The soup is still being made, but its ingredients are not hard to discern—ethno-nationalism, a censorious yearning (often led by female politicians) for traditional Christian values and motherhood (to reverse falling birth rates across the Western world), a strong military, and a deep conviction that the UK is locked in a spiral of decay and disintegration. They see enemies everywhere—“radical woke progressivism,” “cancel culture,” and a “liberal elite” that has captured the civil service, the BBC, the judiciary, even sections of the Conservative Party itself. Some may be having withdrawal symptoms in the absence of Johnson, but after his recent petulant departure as an MP they know they’ll have to find their savior elsewhere.
Across the Atlantic, where the coming crisis is more urgent, the movement is no longer pinning its hopes exclusively on Trump. It remains unclear what effect the latest criminal charges will have on his re-election prospects and so the forces of the New Right are hedging their bets. Florida’s Governor Ron DeSantis has already embraced National Conservatism; woe betide any prospective Republican candidate who does not.
The Making of Orbánism
To understand the enduring strength of the movement, it is instructive to look elsewhere—to countries such as Hungary and Israel. Both Netanyahu and Orbán have spells in opposition to thank for honing their messages and hardening their strategies.
Orbán started out as a classic politician of the anti-Communist center right, winning his first election as prime minister in 1998 and giving every sign that he would be a reliable member of the European family of nations. It all changed when he lost in 2002. For the next eight years in opposition, he developed a deep sense of personal and political grievance and hired an American consultant to finesse his propaganda skills.
He came under the spell of the late US political strategist Arthur Finkelstein, who schooled him in the early arts of wedge politics and culture-war sloganeering. He identified and went after specific enemies—anyone deemed to be liberal, of the left, or inimical to family values. The vilification of his erstwhile mentor, George Soros, suggested a certain antisemitism, curious given that Finkelstein was Jewish (and gay). During the recent demonstrations in Israel over Netanyahu’s power grab against his own judiciary, one of the chants from the protesters was: “Israel is not Hungary; Israel is not Poland.”
Like Netanyahu, like Trump, Orbán manages to be theatrical in his rhetoric while maintaining a flexibility on some aspects of policy. He wages rhetorical war against the European Union (which Hungary joined in 2004), while taking its subsidies, on which his economy relies. For a time, he embraced the orthodoxy of the era—small state, low regulation. He tried the term “illiberal democracy.” That backfired. Recently, like others, he settled on National Conservatism.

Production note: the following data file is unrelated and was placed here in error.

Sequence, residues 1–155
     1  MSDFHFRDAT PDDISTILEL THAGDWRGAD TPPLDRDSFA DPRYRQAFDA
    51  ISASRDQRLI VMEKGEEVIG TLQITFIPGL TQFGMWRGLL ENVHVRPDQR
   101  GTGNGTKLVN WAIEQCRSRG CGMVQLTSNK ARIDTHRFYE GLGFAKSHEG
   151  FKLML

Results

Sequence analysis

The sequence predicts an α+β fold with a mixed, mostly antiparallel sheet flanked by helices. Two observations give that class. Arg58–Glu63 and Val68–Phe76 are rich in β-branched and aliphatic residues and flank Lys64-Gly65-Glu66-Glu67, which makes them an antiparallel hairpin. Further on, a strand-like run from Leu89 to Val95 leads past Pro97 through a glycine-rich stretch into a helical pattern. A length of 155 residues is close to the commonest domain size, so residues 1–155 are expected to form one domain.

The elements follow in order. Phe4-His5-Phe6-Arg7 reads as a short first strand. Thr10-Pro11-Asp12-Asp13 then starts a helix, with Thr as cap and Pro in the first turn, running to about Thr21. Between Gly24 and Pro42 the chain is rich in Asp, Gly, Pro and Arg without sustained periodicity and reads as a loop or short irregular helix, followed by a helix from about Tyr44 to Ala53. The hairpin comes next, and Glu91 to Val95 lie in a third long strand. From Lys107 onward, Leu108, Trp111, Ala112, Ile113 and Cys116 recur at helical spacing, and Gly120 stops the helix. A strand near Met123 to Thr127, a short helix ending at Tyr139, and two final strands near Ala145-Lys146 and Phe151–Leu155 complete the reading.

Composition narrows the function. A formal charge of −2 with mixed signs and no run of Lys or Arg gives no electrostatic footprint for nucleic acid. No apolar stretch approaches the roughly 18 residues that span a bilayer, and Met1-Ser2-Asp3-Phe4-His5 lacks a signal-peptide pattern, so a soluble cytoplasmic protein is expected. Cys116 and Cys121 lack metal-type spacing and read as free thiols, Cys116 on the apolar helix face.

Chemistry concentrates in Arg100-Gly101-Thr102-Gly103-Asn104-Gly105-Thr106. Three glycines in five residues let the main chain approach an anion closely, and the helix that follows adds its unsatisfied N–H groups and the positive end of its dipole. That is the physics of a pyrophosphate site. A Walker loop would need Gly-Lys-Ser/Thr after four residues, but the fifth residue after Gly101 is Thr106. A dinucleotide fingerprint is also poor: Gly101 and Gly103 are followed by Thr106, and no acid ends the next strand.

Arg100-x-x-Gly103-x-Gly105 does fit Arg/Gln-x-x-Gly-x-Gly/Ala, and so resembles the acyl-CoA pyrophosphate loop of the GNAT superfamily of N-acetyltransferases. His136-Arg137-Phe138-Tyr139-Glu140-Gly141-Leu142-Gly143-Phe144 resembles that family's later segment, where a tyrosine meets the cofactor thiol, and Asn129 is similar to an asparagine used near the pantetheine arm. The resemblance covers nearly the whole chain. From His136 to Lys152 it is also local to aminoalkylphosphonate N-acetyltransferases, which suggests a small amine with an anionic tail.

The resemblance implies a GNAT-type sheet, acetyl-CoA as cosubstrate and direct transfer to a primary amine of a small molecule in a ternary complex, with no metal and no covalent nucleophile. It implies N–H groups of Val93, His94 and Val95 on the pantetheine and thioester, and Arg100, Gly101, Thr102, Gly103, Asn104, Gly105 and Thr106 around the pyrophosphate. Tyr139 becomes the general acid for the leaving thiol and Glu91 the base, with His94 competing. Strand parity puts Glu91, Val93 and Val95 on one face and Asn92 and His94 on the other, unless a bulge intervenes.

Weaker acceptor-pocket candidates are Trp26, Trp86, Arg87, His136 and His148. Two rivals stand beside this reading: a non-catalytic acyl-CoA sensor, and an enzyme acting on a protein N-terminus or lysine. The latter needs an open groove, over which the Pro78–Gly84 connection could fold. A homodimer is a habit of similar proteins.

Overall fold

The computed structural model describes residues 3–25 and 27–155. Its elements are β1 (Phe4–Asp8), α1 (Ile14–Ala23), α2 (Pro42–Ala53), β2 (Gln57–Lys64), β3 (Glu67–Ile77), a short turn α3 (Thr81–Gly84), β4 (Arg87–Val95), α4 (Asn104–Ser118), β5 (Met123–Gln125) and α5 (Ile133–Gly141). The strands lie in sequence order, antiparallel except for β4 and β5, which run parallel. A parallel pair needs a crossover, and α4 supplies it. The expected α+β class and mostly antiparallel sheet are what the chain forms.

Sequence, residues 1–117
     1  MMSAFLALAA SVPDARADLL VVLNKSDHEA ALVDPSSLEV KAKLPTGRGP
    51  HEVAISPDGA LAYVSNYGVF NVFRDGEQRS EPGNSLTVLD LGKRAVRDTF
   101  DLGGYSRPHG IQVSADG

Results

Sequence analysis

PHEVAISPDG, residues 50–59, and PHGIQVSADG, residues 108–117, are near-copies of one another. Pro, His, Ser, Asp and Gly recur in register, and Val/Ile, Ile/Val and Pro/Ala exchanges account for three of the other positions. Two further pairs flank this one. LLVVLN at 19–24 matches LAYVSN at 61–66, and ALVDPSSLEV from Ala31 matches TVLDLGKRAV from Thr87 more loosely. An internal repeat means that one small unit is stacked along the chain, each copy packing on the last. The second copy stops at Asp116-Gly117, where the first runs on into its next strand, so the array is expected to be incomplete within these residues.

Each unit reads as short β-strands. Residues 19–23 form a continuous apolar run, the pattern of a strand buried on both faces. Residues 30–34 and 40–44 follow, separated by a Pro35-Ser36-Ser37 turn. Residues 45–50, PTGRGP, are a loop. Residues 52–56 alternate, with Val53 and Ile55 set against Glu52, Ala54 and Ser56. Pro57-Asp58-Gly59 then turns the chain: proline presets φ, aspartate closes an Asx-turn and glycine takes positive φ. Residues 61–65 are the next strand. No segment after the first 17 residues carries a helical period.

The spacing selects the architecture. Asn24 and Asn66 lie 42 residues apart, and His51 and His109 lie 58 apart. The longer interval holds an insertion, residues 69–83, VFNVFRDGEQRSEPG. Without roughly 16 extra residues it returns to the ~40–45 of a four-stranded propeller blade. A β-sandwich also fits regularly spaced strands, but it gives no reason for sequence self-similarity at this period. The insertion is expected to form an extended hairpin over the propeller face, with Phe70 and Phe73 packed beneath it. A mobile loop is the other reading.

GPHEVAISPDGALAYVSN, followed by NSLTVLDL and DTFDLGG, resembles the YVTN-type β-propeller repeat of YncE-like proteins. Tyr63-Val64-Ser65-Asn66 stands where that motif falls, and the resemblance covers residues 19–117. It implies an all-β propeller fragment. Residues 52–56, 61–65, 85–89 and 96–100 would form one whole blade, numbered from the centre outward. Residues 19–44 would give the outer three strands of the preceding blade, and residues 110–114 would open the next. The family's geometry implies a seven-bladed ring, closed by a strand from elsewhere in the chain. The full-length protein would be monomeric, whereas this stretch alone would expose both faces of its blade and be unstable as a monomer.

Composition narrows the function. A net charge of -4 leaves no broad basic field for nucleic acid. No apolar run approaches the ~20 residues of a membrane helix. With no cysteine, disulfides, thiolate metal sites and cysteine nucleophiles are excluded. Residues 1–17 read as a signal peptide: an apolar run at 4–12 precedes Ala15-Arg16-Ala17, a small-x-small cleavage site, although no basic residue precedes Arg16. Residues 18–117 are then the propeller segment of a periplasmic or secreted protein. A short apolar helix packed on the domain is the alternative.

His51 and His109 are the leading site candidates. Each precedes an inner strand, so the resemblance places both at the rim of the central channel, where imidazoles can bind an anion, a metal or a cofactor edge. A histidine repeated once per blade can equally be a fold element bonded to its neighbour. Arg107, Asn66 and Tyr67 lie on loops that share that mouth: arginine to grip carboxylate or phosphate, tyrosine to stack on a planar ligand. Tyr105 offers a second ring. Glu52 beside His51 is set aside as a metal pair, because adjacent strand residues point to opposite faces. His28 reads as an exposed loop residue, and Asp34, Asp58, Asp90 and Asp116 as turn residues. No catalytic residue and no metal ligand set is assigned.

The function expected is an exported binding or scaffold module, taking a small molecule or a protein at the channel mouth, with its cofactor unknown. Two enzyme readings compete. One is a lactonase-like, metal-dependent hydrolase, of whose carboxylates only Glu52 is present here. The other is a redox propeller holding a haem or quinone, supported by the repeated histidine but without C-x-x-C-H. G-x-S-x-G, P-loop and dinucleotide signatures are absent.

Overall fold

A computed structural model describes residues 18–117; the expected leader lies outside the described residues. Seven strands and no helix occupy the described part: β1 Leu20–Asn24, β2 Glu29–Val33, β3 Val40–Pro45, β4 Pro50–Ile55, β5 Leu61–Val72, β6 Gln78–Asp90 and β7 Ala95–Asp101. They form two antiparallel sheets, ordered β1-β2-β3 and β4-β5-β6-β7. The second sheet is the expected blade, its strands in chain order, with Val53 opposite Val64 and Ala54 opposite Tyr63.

The Enemy Is Everywhere
In his case, the enemy is a “Communist resurgence,” whose agents of influence can be found everywhere: any politician on the left (or center), anyone in the media or judiciary, or anyone who has attended Davos. If the power lies with the neo-Marxist dark state, then it stands to reason that you do everything you can to fight back. You do that by harassing judges and closing independent media; you do that by gerrymandering elections.
This is now the standard playbook, adapted for each country’s particular circumstances, giving an entry route for those who have yet to bring the New Right into the heart of government. These are some of the methods that Netanyahu has embraced with his attempts at bringing Israel’s legal system under his control, that the Polish government has used to circumvent parliament. Meanwhile, Trump incited the storming of the US Congress in an attempt to overturn a democratic election, while Johnson tried to stop the House of Commons from debating the final stage of Brexit. They have all tried to intimidate the pillar of state designed to provide checks and balances on untrammeled power.
Some of the methods have so far been quixotic, impulsive. Others have been more successful and enduring. They will only become more efficient as time goes on. The movement has only just begun.
John Kampfner is a regular contributor to The Guardian and The New European. His bestselling book Why the Germans Do It Better was published in 2020.